As Tim Keller, pastor of Redeemer Presbyterian Church in New York City, explains very well in this speech (starting at minute 26), biblical morality accounts not only for individual sin but also collective sin. Under Christianity, we do have some responsibility for the sins of our kin, just like God punished or rewarded the ancient Israelites collectively for their sins or faithfulness.
Individual responsibility is tremendously important, but collective responsibility is a deep human truth as well, as anyone who feels proud when their favorite sports team wins knows.
You can say that a family of white people who immigrated to America in the 1920s has no responsibility for the enslavement of black people — but actually, they do. That family decided to sign up for a package deal called "America," a package deal they wanted (otherwise they wouldn't have immigrated), and a package deal which was shaped, for better or worse, by the institution of slavery. While it's important to note that slavery limited the economic development of white Americans as well as black, at the micro level, plenty of white Americans directly or indirectly benefited from the systematic discrimination of black people, in the realms of housing, education, employment, and so on. The discrimination was pervasive enough that each of the myriad institutions that make up American life — politics, schools, colleges, sports, media, culture — has been affected. Those participating in these institutions incur, in turn, at least some degree of responsibility for that injustice.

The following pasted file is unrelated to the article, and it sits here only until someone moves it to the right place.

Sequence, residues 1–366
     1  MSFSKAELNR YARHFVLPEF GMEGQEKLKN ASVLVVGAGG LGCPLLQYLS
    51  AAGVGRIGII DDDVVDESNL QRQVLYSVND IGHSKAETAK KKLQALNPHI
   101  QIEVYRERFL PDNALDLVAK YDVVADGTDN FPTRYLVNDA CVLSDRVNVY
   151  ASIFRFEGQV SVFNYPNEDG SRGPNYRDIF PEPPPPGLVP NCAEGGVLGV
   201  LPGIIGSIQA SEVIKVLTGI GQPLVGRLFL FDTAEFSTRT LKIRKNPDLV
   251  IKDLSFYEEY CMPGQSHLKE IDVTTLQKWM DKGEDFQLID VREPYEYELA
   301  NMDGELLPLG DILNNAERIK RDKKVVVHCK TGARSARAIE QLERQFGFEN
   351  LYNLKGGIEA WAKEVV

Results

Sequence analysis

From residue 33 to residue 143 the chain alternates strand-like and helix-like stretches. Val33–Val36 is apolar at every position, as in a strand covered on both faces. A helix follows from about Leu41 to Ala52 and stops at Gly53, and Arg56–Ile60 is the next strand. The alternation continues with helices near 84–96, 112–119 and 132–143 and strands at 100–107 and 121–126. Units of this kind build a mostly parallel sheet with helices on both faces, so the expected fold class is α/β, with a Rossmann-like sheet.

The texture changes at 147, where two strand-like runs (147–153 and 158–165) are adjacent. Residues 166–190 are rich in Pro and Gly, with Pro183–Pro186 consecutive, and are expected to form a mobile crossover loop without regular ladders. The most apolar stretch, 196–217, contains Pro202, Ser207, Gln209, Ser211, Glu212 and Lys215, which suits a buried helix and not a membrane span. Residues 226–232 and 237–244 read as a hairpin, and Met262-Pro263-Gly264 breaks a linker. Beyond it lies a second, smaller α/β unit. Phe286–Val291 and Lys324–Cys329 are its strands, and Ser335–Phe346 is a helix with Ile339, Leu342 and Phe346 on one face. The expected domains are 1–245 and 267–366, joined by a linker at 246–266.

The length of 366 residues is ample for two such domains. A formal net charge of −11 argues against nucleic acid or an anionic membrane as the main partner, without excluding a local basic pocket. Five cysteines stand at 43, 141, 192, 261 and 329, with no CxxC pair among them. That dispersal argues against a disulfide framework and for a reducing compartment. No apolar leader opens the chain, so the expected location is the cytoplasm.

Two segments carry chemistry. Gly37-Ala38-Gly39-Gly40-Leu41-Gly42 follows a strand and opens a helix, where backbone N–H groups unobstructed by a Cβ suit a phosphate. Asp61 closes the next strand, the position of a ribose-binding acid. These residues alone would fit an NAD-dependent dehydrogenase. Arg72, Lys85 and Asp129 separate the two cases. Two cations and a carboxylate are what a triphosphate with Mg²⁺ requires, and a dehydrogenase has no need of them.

This is why there was perhaps something left to be desired in the response to Coates' article by his sometimes-antagonist John McWhorter. Coates is asking for, if not outright reparations, then, a "national conversation on race." McWhorter notes, correctly, that America is already completely obsessed with race, and always scrupulous about condemning racism and atoning for past injustice. Basically, he says, we already have what Coates wants. But what McWhorter misses about Coates' point is that America's national conversation on race is entirely focused on the denunciation of racism as a personal failing. Everybody agrees that being racist is bad. And most think that to finally reach the sunlit uplands of Post-Racial America, all we need to do is hunt down the last racists and cast them out of polite society. But this is all wrong.